European Authorized Representative Service
Independent, confidential Authorized Representative Service in the EU that:
- Provides an EU name and Address, required to be placed on your devices
- Device notification to the Competent Authority
- Maintains your technical files with a high degree of confidentiality, making the contents available to the Competent Authorities only
Authorized Representative (AR) service:
Declaration of Conformity
Registration of class I / low risk devices with an EU Competent Authority (if applicable)
Keep technical documentation available to the Competent Authority, on requestCEpartner
Eulinx's name and Address in Europe on your devices, labels and product information
Interface on your behalf between Competent Authorities, Notified Body, distributor and/or end-users for Regulatory Affairs
Signed European Authorized Representative Agreement
Duration: Ongoing, annual renewal
Interested in us? Please contact, we will send you the quotation soon.
Who should apply/register with the Competent Authority?
The EEA Competent Authorities usually charge fees for the registration/notification.
For General Medical Devices:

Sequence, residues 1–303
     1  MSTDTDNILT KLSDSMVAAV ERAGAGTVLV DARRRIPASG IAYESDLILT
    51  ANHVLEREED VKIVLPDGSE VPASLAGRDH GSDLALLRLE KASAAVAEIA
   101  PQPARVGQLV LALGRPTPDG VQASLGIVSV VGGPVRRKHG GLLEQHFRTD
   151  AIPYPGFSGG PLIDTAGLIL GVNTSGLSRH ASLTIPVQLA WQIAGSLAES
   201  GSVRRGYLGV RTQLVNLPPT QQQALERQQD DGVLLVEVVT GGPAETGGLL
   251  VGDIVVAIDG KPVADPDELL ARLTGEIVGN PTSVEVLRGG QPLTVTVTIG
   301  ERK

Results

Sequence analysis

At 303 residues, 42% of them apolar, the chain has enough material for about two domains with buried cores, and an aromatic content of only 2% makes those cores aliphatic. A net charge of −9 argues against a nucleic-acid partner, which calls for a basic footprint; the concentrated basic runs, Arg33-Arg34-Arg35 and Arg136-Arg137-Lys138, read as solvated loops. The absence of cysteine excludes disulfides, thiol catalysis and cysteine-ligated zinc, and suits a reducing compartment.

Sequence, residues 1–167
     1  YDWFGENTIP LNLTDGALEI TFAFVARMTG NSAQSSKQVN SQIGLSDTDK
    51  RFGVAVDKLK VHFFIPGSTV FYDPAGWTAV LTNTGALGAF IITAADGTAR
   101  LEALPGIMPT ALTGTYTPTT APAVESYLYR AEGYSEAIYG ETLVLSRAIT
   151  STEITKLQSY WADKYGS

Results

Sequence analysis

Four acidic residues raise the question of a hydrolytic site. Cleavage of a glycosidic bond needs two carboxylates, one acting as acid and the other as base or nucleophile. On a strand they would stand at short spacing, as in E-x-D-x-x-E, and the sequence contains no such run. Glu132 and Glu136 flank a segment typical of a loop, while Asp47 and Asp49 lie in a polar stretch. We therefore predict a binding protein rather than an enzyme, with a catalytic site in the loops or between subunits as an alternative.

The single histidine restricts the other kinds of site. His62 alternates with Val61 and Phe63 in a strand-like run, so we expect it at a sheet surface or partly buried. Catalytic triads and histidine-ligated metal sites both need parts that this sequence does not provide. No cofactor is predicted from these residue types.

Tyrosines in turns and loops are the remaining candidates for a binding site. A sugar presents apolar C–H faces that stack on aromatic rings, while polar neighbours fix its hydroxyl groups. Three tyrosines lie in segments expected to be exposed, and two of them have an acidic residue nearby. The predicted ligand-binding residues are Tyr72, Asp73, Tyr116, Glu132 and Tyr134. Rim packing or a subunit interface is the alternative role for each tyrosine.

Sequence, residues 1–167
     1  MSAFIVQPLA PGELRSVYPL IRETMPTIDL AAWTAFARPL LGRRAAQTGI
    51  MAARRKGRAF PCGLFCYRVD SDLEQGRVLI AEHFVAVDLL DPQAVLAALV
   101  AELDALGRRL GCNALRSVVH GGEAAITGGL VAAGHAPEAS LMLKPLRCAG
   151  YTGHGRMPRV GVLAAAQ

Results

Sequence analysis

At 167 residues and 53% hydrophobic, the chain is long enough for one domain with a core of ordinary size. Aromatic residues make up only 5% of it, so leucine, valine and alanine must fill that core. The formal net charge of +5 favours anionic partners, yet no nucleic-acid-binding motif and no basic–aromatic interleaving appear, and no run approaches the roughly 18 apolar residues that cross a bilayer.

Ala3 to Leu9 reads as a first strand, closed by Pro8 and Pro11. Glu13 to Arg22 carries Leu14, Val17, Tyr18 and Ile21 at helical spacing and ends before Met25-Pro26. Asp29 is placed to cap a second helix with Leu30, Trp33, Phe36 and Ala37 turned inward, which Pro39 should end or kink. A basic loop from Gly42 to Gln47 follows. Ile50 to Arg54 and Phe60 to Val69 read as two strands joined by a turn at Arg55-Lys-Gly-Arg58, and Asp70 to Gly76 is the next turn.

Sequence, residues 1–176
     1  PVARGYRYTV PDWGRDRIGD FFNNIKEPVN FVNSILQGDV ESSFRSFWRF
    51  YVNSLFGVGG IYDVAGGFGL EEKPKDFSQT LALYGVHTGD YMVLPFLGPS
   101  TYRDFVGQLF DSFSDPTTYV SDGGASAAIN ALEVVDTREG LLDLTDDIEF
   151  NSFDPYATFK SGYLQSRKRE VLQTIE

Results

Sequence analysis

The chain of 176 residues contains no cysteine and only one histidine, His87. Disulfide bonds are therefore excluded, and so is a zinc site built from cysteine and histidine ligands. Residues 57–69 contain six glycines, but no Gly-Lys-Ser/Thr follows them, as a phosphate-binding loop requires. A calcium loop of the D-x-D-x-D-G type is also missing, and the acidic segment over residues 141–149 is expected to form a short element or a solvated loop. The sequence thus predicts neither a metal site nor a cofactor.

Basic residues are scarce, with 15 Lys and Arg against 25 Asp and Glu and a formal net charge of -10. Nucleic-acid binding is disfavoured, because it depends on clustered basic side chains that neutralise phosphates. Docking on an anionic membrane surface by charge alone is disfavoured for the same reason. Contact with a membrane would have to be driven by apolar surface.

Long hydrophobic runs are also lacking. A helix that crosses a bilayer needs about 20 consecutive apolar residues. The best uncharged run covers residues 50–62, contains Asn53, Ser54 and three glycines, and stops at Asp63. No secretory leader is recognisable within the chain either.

You must register with the Competent Authority in an EEA Member State in which you have your registered place of business if you:manufacture class I or custom made devices and place them on the market under your own name, or trading name(s); fully refurbish class I devices, or label one or more readymade devices, with a view to placing them on the market under your own name; place devices bearing the CE marking on the market, under your own namein a system or a procedure pack within their intended purposes and within the limits of uses specified by their original manufacturers; sterilise, for thepurpose of placing on the market under your own name, systems or procedure packs or other CE marked medical devices designed by the manufacturer to be sterilised before use; are the authorised representative of a manufacturer who does not have a registered place of business in the EEA.